As part of the Creative Computing Challenge (CCC), a five-year program funded by the National Science Foundation, teachers at two Career & Technical Centers in NH this past year engaged students in creating their own apps. While on the surface, the class could be characterized as “computer science,” its purpose was to help teach computational thinking integrated into already on-going CTE class content.
“Computational thinking is essentially problem solving, but in the computer sense it’s essentially boiling everything down to yes or no,” said Curtis Killion, Computer Software & Media Applications Instructor at Salem HS Career & Technical Education Center.
Noting that computational thinking is really just “logical thinking,” Killion said that the applicability of the concept is quite broad.
“If you break things to simple questions like yes or no, you can logically build tools that can really handle complex tasks,” he said. “Working through this logic requires clear thinking and an ability to break down problems into very small parts in a step by step logical approach.”
“Getting students, or adults for that matter, into that “computational thinking” mindset requires a lot of patience. According to Killion, though, computational thinking is “really easy and simple” at its core.
Whereas Killion had students in his class create print and digital promotional collateral through the Adobe Creative Suite, students at the RW Creteau Regional Technology Center in Rochester worked in entirely different arenas.
Taught by Tracy Mitropoulos, one Accounting class provided students with the opportunity to create a fictitious business with the second focused on assessing child development milestones. She acknowledged, however, the second class was much more successful.
“They met with a preschool teacher and decided what they wanted to assess–it was more real for them,” she said. “There really was not a problem to solve in the accounting class, so the interest in it was not there.”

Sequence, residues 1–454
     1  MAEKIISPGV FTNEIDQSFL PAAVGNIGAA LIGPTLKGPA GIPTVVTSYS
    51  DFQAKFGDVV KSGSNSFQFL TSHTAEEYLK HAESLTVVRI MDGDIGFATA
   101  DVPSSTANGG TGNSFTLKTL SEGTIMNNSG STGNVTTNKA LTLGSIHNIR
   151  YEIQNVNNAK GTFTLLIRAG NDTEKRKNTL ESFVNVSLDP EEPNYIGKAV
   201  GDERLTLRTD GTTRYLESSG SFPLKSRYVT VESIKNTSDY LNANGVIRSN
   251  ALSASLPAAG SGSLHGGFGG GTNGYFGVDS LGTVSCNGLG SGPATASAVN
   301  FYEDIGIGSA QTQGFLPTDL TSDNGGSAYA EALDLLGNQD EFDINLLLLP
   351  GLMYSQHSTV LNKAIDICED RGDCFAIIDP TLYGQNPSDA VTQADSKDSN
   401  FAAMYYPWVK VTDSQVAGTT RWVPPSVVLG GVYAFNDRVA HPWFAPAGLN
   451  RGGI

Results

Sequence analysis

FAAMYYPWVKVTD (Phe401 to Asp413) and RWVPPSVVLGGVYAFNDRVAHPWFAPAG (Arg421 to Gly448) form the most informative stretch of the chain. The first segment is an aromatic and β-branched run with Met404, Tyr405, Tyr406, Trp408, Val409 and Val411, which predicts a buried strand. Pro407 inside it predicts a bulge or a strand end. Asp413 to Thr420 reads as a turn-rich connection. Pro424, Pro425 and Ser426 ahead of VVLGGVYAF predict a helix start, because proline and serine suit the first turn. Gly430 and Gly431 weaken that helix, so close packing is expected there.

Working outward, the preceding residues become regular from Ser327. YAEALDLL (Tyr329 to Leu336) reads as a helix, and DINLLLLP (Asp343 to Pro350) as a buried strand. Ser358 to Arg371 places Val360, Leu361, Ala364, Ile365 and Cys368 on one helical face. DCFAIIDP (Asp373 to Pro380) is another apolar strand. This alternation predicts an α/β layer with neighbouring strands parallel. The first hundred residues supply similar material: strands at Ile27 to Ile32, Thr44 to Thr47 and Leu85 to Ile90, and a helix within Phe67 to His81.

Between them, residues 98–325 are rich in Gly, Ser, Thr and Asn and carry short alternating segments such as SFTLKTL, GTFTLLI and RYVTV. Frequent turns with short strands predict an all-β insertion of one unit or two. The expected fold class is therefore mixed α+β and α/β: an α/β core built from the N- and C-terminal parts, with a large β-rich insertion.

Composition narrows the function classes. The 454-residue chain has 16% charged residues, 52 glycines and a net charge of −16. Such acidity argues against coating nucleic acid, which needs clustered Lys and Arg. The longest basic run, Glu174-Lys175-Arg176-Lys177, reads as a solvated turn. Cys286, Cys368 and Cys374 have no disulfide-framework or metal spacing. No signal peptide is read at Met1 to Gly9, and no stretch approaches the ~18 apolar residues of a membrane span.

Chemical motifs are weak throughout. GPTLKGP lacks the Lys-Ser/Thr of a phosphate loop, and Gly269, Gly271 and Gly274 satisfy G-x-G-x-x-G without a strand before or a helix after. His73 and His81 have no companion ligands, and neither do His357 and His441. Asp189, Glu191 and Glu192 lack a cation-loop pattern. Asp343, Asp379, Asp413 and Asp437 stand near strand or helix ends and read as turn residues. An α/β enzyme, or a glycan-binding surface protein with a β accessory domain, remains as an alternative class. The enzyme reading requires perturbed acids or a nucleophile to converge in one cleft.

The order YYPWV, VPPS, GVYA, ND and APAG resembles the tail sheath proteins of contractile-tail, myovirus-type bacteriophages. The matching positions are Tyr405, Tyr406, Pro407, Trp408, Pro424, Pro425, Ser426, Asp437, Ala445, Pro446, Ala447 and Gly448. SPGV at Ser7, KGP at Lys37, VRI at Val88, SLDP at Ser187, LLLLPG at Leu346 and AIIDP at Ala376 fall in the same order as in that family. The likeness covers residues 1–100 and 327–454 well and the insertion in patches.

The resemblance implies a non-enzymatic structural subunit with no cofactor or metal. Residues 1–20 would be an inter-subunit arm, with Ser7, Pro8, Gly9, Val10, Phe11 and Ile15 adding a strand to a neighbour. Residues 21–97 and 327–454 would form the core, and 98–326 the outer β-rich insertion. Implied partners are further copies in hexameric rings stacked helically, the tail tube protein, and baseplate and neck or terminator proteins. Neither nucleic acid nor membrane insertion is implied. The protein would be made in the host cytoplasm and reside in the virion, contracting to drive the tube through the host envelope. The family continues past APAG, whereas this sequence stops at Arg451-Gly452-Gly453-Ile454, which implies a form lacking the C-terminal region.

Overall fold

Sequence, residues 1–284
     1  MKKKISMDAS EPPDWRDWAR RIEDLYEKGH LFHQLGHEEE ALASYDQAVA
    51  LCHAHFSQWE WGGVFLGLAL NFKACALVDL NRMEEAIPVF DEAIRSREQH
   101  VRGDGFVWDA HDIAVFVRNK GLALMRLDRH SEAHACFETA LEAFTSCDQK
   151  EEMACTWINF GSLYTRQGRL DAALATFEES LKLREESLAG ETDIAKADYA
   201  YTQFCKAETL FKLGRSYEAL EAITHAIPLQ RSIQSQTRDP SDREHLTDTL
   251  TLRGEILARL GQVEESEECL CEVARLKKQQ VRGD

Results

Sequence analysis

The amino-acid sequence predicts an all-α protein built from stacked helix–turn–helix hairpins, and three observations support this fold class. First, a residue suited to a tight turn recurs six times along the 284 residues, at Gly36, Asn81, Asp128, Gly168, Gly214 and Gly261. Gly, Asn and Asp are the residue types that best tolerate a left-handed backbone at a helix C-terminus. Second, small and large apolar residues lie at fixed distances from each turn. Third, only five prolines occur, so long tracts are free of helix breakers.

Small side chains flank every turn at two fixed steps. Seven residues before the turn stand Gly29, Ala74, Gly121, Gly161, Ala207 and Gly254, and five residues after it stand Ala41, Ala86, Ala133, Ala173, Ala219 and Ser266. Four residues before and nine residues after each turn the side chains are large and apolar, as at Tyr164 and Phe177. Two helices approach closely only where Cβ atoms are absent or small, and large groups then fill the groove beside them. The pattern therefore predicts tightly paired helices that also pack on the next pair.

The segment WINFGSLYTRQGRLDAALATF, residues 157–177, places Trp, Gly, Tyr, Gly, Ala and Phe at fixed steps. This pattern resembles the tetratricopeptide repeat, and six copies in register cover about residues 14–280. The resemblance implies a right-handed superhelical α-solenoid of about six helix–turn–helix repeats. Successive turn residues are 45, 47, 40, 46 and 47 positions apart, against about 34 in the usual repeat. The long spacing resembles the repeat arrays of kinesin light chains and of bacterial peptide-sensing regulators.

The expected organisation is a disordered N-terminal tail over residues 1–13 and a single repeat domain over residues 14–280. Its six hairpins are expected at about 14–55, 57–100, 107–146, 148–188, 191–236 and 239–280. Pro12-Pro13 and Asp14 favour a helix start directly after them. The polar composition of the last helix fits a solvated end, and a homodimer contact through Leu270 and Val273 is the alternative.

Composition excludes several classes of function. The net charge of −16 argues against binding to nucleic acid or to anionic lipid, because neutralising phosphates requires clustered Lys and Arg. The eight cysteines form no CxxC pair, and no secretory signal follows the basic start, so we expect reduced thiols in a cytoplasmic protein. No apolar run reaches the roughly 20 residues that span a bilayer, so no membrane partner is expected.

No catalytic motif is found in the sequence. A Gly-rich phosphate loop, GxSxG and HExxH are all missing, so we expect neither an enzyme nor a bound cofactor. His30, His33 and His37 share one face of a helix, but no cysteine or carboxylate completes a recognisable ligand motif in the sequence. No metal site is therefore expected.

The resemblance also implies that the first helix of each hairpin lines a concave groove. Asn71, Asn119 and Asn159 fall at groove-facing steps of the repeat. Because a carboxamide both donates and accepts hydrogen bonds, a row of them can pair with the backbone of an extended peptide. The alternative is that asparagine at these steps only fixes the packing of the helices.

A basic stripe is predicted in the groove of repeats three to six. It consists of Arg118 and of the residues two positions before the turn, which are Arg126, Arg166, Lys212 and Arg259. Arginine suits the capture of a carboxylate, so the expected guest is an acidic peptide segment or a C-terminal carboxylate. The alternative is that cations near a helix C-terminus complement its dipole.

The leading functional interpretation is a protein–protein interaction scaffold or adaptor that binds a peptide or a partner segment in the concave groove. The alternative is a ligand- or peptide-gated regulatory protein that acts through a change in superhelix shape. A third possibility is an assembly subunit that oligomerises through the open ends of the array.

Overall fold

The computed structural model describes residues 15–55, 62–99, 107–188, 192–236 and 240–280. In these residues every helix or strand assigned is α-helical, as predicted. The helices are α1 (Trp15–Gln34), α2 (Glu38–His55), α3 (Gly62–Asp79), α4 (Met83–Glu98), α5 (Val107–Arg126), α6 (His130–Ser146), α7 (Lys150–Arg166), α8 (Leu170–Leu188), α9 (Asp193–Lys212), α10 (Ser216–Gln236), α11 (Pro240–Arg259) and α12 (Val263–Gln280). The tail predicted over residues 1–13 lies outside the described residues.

For Mitropolous, the resistance she met in the accounting class serves as fuel for the future.
“Unlike my Child Development students, my Accounting students did not have a ‘real purpose’ other than a grade for really caring about the app they were creating,” she said. “I need to find a way to make the Accounting App Project more meaningful.”
For Killion, his experience helped to open up his thinking about computer programming.
“My perception had always been that programming was about learning a language, but in reality it’s actually quite simple,” he noted. “As a teacher, I realized my perceptions about programming may have influenced my own students–and already this year, I had one young woman decide she was going to pursue a career in programming.”
Both teachers’ experiences within the classes helped to highlight an idea fundamental to CCC itself, which is that education is more effective when it frames the learning experience around what interests the students.
“A lot of questions were generated [in the class]–and although I often didn’t have the answers, it made me think of how relating content to what kids care about can really generate results,” said Killion. “The students really wanted to learn, and that attitude can make all difference in any subject area.”
Mitropoulos agreed and added, “Having a real purpose, or use for the completed apps, was motivational. As the Child Development students began assessing their preschool children, the sense of accomplishment they felt was palpable as they shared their experiences…As teachers, we have to be willing to embrace something new.”
This work is supported by grant #IIA-1348352 from the National Science Foundation.
This is the second of a multi-part series on CCC and the relevance of computational thinking in the classroom and industry in NH.